By Brendan Pierson
NEW YORK (Reuters) - Jurors were presented with starkly opposite portrayals of former drug company Martin Shkreli on Thursday, with a prosecutor casting him as a serial liar and his own lawyer calling him a well-meaning but misunderstood genius.
"If Martin Shkreli wanted to defraud these people, why didn't he defraud them?" Shkreli's lawyer Benjamin Brafman said in his closing argument in Brooklyn federal court, reminding jurors that the investors who testified in the month-long trial made money.
Brafman is expected to finish his argument Friday morning. Jurors will then receive instructions from U.S. District Judge Kiyo Matsumoto before beginning deliberating.
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Shkreli, 34, is best known for raising the price of anti-infection drug Daraprim by 5000 percent in 2015 as chief executive of Turing Pharmaceuticals.
The charges he now faces relate not to Turing but to Shkreli's management of his previous drug company, Retrophin Inc, and hedge funds MSMB Capital and MSMB Healthcare, between 2009 and 2014.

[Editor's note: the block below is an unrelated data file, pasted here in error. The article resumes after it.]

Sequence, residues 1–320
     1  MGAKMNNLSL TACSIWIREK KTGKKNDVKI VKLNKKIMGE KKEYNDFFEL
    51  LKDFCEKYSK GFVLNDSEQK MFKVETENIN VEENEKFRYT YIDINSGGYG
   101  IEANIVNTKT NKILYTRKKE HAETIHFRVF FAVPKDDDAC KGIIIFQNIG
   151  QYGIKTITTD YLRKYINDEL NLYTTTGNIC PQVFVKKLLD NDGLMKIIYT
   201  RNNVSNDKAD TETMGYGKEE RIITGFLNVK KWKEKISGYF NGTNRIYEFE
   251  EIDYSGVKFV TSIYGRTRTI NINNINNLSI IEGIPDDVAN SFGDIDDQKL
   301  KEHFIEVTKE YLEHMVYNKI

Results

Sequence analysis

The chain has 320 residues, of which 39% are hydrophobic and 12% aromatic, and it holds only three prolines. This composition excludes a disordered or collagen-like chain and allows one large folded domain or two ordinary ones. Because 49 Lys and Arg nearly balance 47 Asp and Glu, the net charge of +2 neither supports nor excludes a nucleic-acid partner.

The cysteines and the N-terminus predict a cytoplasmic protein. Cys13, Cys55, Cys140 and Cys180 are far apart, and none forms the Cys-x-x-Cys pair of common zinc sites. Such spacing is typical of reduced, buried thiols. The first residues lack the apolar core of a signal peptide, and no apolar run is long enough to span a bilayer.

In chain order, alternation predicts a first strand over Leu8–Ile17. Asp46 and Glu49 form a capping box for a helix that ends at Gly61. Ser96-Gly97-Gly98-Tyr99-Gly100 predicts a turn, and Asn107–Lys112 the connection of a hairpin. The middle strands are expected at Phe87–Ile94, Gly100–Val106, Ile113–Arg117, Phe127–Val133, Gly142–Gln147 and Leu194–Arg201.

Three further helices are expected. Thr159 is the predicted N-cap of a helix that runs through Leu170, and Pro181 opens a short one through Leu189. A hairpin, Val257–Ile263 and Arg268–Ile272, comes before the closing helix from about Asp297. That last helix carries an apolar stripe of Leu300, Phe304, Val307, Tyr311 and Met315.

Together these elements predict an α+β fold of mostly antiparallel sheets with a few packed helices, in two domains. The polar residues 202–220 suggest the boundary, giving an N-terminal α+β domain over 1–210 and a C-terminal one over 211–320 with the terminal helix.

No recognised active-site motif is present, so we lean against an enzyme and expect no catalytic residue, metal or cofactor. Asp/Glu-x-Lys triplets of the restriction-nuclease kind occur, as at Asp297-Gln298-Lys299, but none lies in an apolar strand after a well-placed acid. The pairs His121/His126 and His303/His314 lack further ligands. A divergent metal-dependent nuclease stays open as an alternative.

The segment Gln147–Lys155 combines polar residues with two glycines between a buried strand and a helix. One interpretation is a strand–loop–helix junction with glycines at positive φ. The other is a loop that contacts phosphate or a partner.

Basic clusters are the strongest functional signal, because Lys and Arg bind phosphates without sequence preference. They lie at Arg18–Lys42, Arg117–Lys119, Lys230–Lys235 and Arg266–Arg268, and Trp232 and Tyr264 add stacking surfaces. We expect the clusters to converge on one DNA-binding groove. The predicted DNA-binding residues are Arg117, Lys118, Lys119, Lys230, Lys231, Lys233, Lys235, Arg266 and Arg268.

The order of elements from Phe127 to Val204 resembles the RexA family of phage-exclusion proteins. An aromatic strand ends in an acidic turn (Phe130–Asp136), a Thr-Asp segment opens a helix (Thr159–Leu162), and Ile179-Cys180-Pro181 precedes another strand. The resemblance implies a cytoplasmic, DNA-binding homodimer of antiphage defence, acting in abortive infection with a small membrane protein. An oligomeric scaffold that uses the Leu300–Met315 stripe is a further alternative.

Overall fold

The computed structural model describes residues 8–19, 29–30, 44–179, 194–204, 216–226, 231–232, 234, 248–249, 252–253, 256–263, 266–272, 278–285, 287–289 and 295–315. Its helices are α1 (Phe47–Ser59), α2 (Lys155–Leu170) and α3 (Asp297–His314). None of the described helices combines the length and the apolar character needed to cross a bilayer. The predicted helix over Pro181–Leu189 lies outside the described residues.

Assistant U.S. Attorney Alixandra Smith began Thursday with prosecutors' closing argument, telling jurors that Shkreli wooed investors by falsely claiming that MSMB Capital had an outside auditor and managed assets worth tens of millions of dollars.
Smith said Shkreli lost all the investors' money in 2011, but hid the loss from them. She said Shkreli used his other fund, MSMB Healthcare, to funnel money into Retrophin, which he founded in 2011.
Eventually, Smith said, Shkreli paid back investors with shares and cash from Retrophin, using fraudulent settlement and consulting agreements that were not approved by the company's directors.
"It was a way to pull money out of Retrophin, a public company, to pay back debts that were owed by the defendant," she said of one consulting agreement.
Brafman acknowledged that Shkreli was not always truthful with investors.
"On paper, yeah, you know what, it doesn’t look great," he said.
But he described Shkreli as an eccentric genius obsessed with building a drug company that would cure rare childhood illnesses, who acted in "good faith."
"He was always truthful to the mission, and the mission was Retrophin," he said.
Brafman repeatedly called the complaints of investors who made money "rich people B.S." He also attacked Retrophin's directors, saying they ousted Shkreli as CEO in 2014 after profiting from his work.
(Reporting by Brendan Pierson in New York; Editing by Bernard Orr)